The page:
It's true that there are certain types of debt that can't be discharged in a bankruptcy.
According to Los Angeles Chapter 7 Bankruptcy Lawyer Vincent Howard of HOWARD LAW, these include:
- Student loans;
- Child support and alimony obligations;
- Back taxes (depending on circumstances.
However, if debts like these are your primary problem, that doesn't mean you can't benefit from a bankruptcy.
First of all, a discharge of debts in a Chapter 7 liquidation plan will allow you to shed all of your other debts, including medical bills, credit card payments and personal loans. Taking steps to free yourself of these obligations can make a huge difference in your ability to pay your other debts.
And secondly, even though certain debts must still be paid in full, they can still be lumped into a Chapter 13 reorganization and repayment plan that will allow you to make your payments more manageable. This plan is particularly useful for individuals who may earn too much to qualify for a Chapter 7 under the 2005 Bankruptcy Abuse Prevention and Consumer Protection Act.
This legislation raised the standards for bankruptcy - and also lumped in privately-funded student loans with those backed by the federal government. Previously, those loans could be discharged in a bankruptcy, but unfortunately no longer.
There are certain avenues of relief for some of these debts if you have a significant hardship, but those are very difficult to obtain. Usually, you have to be in a position where you are permanently disabled or living on a low, fixed income that is unlikely to change.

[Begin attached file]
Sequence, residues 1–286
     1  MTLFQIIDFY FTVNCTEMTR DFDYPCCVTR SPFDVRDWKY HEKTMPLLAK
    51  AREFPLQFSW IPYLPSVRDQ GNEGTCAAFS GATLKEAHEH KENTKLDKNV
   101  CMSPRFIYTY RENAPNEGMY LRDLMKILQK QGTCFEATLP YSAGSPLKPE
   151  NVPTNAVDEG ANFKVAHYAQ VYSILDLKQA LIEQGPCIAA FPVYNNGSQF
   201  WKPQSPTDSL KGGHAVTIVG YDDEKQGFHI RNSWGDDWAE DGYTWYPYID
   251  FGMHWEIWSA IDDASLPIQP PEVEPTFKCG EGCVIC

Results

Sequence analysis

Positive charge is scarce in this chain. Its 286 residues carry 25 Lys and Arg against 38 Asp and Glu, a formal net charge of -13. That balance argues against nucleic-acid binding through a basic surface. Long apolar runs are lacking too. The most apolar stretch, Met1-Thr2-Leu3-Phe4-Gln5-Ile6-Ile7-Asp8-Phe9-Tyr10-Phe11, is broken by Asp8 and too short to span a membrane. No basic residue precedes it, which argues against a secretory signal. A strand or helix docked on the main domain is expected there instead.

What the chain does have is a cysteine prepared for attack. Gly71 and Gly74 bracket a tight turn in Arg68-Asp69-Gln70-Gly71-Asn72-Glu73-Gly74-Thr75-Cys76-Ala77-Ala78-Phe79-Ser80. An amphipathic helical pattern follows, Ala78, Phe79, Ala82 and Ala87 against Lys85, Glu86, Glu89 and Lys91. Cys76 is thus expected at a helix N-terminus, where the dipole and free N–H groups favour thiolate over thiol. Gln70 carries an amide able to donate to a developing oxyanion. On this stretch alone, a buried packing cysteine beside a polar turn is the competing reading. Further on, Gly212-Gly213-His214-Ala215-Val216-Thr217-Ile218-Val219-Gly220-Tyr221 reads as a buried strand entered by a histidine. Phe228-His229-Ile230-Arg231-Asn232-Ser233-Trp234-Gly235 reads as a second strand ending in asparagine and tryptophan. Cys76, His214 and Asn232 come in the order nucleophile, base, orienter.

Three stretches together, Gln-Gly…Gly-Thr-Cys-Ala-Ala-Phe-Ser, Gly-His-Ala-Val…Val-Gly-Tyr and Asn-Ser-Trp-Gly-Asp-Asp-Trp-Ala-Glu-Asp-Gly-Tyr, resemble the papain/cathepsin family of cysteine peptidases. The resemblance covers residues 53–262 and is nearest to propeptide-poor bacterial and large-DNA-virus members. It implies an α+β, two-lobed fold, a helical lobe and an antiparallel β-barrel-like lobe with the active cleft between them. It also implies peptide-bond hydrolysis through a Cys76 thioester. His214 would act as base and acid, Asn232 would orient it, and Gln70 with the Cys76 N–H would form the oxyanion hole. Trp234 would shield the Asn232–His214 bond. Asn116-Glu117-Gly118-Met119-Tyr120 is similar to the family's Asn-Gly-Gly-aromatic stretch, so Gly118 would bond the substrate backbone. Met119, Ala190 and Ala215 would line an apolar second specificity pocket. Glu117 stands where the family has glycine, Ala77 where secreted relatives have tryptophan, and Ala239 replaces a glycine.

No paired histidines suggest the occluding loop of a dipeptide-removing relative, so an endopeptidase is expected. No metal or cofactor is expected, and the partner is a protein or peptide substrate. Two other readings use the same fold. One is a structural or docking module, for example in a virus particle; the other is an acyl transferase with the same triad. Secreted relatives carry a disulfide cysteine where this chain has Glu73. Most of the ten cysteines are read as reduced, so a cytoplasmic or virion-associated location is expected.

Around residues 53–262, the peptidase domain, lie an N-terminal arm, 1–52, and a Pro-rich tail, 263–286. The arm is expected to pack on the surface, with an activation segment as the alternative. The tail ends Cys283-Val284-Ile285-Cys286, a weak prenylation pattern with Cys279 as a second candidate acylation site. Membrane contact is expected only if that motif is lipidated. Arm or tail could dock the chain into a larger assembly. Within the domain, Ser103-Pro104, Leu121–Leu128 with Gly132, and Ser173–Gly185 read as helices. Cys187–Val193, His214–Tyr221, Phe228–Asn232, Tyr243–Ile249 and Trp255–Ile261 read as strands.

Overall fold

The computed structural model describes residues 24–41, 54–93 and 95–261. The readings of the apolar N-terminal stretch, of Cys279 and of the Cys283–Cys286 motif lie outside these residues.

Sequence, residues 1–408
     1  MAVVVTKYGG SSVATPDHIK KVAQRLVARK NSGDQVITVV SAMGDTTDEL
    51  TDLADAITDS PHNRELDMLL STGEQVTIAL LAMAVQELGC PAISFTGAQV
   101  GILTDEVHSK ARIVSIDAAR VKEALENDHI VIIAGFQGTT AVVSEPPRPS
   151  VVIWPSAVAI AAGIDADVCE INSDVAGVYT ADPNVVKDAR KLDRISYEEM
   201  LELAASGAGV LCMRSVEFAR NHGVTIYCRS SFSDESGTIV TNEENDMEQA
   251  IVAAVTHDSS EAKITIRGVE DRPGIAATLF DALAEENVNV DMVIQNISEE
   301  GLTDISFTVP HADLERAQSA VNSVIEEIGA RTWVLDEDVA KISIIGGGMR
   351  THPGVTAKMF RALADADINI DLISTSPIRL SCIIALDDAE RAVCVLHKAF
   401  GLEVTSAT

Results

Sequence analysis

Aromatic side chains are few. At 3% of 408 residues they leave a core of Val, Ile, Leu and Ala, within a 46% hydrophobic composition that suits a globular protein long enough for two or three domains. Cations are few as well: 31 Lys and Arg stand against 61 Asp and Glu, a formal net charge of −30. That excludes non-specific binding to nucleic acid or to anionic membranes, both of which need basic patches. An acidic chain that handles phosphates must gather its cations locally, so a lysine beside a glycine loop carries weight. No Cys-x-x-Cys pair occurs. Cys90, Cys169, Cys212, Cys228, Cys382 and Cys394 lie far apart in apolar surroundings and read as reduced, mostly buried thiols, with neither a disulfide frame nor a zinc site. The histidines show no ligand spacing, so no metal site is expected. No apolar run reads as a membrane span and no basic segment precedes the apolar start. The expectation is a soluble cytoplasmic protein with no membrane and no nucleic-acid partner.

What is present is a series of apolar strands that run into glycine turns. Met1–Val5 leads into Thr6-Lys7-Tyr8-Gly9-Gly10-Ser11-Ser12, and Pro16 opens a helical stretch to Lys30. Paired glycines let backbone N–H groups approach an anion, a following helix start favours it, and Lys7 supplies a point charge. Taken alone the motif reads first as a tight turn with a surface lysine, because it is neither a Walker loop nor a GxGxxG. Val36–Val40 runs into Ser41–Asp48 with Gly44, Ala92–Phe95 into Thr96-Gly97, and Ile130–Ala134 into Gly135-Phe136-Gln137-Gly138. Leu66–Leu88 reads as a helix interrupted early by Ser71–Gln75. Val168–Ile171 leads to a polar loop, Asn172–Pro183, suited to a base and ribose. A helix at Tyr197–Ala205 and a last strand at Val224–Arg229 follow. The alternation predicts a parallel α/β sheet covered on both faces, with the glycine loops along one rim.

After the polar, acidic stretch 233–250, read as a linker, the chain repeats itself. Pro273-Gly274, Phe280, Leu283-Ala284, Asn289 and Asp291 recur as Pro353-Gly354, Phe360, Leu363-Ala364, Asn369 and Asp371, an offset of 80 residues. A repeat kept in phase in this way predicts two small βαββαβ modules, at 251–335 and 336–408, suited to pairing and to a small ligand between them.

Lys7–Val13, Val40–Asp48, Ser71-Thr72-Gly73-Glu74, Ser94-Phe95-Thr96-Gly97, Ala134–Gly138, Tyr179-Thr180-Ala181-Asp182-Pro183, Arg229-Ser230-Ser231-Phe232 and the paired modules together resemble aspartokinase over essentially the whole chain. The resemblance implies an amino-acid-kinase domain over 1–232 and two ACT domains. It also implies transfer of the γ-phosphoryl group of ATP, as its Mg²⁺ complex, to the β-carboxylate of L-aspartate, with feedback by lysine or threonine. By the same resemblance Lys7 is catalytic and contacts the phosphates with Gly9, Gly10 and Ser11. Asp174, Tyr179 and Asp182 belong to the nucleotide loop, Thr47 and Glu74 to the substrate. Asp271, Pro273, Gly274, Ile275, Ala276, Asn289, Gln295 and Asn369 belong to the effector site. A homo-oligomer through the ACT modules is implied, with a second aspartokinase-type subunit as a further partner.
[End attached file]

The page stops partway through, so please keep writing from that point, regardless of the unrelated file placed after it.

Usually, it's better to skip the hardship requests and go straight to the bankruptcy, although every situation is different and there are circumstances in which it is certainly worth applying.
Failing to do anything, however, will only make matters worse. For example, if you owe a large sum of child support or back taxes, either the courts or the Internal Revenue Service have the option of garnishing your wages (as do other creditors). In this scenario, you have little power to alter the terms of this.
A bankruptcy gives you some control.
If your major problem is taxes, we may be able to assist you in working out an installment payment plan with the IRS. Generally, these debts have to be paid off in five years or less. Let's say you owe $20,000. This would put your monthly payments at around $330.
If this isn't doable, you might still be able to apply for a longer plan by filing a financial statement through a Form 433-F. Having someone to help you negotiate the terms of this agreement can make a huge difference in your ability to manage this debt.
Filing for a Chapter 13 can be particularly beneficial, however, because it grants you the relief of an automatic stay. This will halt creditor calls and legal proceedings, including foreclosure, to give you enough time to formulate a plan.
So just because your debts are technically dischargeable in a bankruptcy does not mean you can't benefit from filing. If you have questions about how a bankruptcy can help, call us today to schedule a consultation.
Los Angeles Bankruptcy Attorney Vincent Howard at HOWARD LAW can help. You can reach us toll-free at 1-800-872-5925 or send us a message online.
Can bankruptcy boost your credit score? Oct. 11, 2012, By Steve Bucci, Bankrate.com
More Blog Entries:
Some Bills Won't Help Re-Establish Your Credit, Oct. 2, 2012, Los Angeles Bankruptcy Lawyer Blog